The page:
Infosys shares rise on news of first buyback in the history of the company

The Bengaluru IT giant, amid an ongoing scrape with its own founder, will rivals TCS and Cognizant in returning cash to investors via a buyback

Harichandan Arakali
Published: Aug 17, 2017 01:46:29 PM IST
Updated: Aug 18, 2017 09:26:10 AM IST

mg_98791_infosys_bg_280x210.jpgImage: Abhishek Chinnappa

Shares of Infosys, India’s second biggest software services provider, rose 4.7 percent in Mumbai trading after the company told the stock exchanges that its board of directors will consider a share buyback.

Such a buyback would be the first in the 36-year history of the company, and Infosys’s directors are to meet on August 19, 2017, according to a statement the company filed with Bombay Stock Exchange on Wednesday, after market hours. Earlier this year, Infosys also changed its own articles of association to give itself room to effect a share buyback.

“The company is closing the trading window with immediate effect,” Infosys said in its statement. The window will re-open on August 22, 2017.

If Infosys’s board announces a share purchase, as widely anticipated, Infosys will be joining rivals Tata Consultancy Services and Cognizant Technology Solutions in returning billions of dollars in cash to investors. Cognizant earlier this year announced a $3.4 billion dollar buyback and Tata Consultancy announced it will return Rs 16,000 crore (about $2.39 billion) to investors.

It is unlikely that Infosys, which is debt-free and has over $5 billion in cash reserves, will make any big-ticket acquisitions soon, unlike rivals Cognizant and closer to home, Wipro, which have spent billions of dollars on acquiring businesses in the US and Europe.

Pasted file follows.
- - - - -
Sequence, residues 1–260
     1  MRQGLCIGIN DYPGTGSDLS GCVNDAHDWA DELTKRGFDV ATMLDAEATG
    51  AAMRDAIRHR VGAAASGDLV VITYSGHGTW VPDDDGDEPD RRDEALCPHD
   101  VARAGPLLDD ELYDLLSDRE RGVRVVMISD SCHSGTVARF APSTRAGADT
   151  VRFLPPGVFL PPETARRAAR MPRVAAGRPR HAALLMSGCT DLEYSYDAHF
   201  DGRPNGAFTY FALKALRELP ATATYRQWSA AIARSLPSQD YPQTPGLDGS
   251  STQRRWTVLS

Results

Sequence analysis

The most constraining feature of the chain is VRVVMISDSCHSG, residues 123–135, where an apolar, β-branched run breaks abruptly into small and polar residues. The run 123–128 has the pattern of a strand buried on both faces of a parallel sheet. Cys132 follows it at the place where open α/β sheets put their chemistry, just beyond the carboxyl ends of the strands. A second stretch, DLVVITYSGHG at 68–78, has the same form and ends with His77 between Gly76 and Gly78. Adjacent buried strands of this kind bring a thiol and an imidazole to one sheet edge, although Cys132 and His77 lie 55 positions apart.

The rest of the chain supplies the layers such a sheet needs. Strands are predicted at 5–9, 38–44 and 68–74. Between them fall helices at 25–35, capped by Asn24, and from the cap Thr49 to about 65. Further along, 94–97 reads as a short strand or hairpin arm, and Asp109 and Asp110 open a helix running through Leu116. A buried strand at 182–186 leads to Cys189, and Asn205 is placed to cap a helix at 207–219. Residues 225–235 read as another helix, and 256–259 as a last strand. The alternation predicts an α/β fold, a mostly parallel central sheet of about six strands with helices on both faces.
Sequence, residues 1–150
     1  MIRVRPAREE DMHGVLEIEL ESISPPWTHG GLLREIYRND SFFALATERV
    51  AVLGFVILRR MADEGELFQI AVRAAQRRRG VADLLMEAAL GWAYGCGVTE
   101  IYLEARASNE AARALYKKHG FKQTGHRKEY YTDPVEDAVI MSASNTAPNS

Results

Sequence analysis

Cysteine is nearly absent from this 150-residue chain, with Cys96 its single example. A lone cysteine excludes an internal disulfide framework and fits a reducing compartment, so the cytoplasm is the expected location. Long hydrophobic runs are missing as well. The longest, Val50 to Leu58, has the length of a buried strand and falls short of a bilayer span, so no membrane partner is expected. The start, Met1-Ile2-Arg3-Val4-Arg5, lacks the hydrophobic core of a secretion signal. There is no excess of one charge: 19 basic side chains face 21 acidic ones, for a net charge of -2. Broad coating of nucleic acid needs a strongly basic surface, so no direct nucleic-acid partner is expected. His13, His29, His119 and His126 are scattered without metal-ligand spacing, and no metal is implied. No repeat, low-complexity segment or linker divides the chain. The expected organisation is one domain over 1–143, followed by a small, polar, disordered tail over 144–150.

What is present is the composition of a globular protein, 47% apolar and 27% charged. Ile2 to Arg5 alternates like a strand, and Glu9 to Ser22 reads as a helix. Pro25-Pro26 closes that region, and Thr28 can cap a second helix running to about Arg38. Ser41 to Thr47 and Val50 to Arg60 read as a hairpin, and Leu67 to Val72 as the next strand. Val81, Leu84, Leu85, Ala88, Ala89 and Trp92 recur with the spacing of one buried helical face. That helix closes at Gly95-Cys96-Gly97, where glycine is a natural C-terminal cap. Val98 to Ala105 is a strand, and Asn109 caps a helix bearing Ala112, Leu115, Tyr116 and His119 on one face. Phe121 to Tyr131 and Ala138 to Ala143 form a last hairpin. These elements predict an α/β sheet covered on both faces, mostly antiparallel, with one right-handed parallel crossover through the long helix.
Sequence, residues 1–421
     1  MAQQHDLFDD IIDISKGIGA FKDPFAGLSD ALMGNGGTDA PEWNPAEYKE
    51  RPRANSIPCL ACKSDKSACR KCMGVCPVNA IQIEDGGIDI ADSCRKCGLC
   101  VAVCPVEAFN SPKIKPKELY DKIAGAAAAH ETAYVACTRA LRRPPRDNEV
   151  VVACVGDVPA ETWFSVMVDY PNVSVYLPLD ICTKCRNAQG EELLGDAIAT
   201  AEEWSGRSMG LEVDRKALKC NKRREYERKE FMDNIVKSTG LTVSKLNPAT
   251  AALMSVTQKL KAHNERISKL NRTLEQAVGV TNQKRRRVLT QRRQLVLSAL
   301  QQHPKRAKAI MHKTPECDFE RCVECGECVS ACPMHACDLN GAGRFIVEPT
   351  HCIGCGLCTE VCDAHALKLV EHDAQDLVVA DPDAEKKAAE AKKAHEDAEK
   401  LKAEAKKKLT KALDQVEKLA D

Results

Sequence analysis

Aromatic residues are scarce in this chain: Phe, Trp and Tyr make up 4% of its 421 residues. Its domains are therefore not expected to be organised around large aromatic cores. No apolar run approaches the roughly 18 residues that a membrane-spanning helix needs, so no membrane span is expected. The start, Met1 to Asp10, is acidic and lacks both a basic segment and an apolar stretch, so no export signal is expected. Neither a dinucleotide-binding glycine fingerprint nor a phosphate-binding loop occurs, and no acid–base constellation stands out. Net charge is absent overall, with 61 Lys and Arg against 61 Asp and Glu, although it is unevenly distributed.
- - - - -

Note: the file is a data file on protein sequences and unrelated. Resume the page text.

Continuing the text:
That one of the deals on CEO Vishal Sikka’s watch, of Panaya Inc., an automation technologies specialist that cost Infosys $200 million, became one of the points on which founder NR Narayana Murthy criticised the company, will probably make the traditionally conservative company even more circumspect. This notwithstanding the fact that independent investigations showed Sikka or Infosys did no wrong in that deal.

Murthy, now a minority shareholder, has publicly said he now regrets leaving Infosys in professional hands, referring to the second time he stepped back from the company, a year after appointing Sikka, a former SAP SE executive, as CEO in June 2014. Over the last one year, he has criticised the CEO’s compensation as being too high and questioned payouts to former executives including a former CFO and a former general counsel.

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